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tæt på Ilsenburg, Sachsen-Anhalt (Deutschland)
The trail is named after the German poet Heinrich Heine, who is said to have traveled here. At several way points, Heinrich Heine and his poetry are remembered.
Because of its length, the trail is less frequently used than other, shorter, trails. On a Friday in July, we met very few people - except on the Brocken itself and the first few hundred meters down from the summit where several shorter trails join. On the following Saturday, we saw considerably more people at the trail head of the Heinrich Heine trail, but not so many that one wouldn't be essentially alone during the hike.
We started at the Kurpark Hotel Ilsenburg, which is a few meters further into the trail than the designated parking lot in Ilsenburg. The trail follows the road into the Ilse-valley, and crosses the Ilse stream for the first time at the Ilse-Quelle (Ilse-spring). A little further on is the Wald Hotel. One can either follow the road for a while or turn left on a footpath to follow the stream. Note, at way point 04, the Badestein. Next is the Zanthierplatz, which remembers Mr. Hans Dietrich von Zanthier who began scientific research and forest management.
From here, the Ilse-valley trail can be rocky, narrow, and - according to the guidebook -even romantic.
Pay attention at way point 07, where the trail takes some turns and crosses the forest road. Soon after you will be at the Ilse falls - a series of cascades. Once you leave the dark valley, you arrive at the Bremer Hütte. You will come back to the hut on the return.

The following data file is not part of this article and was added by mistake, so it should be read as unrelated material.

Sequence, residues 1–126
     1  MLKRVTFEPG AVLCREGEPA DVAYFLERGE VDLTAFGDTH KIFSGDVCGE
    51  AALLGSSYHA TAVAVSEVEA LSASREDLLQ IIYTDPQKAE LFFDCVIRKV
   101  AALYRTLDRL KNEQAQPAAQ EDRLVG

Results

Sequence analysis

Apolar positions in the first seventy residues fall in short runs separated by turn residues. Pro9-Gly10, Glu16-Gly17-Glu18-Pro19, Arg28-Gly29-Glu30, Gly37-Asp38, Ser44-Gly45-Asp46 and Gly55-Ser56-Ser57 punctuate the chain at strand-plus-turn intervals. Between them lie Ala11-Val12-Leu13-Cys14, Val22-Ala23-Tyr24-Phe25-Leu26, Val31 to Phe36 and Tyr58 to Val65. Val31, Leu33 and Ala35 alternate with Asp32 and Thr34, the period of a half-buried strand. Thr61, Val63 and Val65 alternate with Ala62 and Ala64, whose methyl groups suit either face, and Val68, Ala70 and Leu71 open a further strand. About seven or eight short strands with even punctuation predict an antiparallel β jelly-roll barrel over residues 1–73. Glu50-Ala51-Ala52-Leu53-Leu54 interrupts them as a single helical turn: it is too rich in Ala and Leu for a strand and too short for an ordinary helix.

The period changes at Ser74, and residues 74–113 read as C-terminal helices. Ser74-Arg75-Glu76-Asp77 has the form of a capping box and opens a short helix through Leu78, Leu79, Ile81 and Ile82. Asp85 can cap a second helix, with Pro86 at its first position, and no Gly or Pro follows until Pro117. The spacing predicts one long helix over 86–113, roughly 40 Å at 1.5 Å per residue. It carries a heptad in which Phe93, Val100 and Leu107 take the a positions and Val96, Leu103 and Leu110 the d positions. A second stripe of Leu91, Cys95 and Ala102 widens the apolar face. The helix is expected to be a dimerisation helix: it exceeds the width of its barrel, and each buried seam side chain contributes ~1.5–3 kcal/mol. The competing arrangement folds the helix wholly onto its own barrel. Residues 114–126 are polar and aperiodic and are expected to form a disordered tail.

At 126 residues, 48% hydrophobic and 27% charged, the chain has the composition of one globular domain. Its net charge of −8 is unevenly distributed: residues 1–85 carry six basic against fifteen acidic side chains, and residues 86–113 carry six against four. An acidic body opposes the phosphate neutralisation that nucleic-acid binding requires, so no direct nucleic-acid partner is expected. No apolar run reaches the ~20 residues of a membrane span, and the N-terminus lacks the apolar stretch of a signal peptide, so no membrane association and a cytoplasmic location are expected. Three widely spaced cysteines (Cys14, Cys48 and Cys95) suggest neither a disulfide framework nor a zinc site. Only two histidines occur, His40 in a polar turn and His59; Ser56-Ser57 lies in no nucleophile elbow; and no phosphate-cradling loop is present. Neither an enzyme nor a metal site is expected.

From now on, the trail is generally wider and well maintained. A good view may be had at the Hermannsklippe (way point 12). A little further on you arrive at a concrete enforced path that will take you to the Brocken summit. The path was built by the military (in the that-time German Democratic Republic). As you ascend, turn around from time to time to enjoy the unfolding views, especially at the 'lesser Brocken'.
The Brocken summit is likely to be busy - on most days. Just before you reach the summit plateau, you cross the tracks of the nostalgic steam train. We learned that on fine days, the trains carry up to 15,000 people to the Brocken summit! Given its average population density, the Brocken summit is clearly no hiker's summit - but we were pleasantly surprised by the efficiency of the summit restaurants, and the good value for money of their meals and refreshments.
There is no real alternative to following the main road for a few hundred meters, together with the tourists and the occasional horse cart. But soon the masses take their shortcuts to the shorter trails, and you will likely be to yourself again.
We recommend a short detour into the 'enchanted forest' - a boardwalk with epigrams etched into stone tablets.
A little further on you leave the main forest road for the yellow brink, which takes you straight back to the Bremer Hut. Much of the forest along this part of the trail has been devastated several years ago by the Borkenkäfer (bark beetle), but the area seems to recover.
From the Bremer Hut, the route follows the trail through the Ilse-valley that you took in the morning. There is no déjà vu, as the valley is beautiful and the trail interesting and varied. For those getting tired there is the forest road that runs parallel to the stream.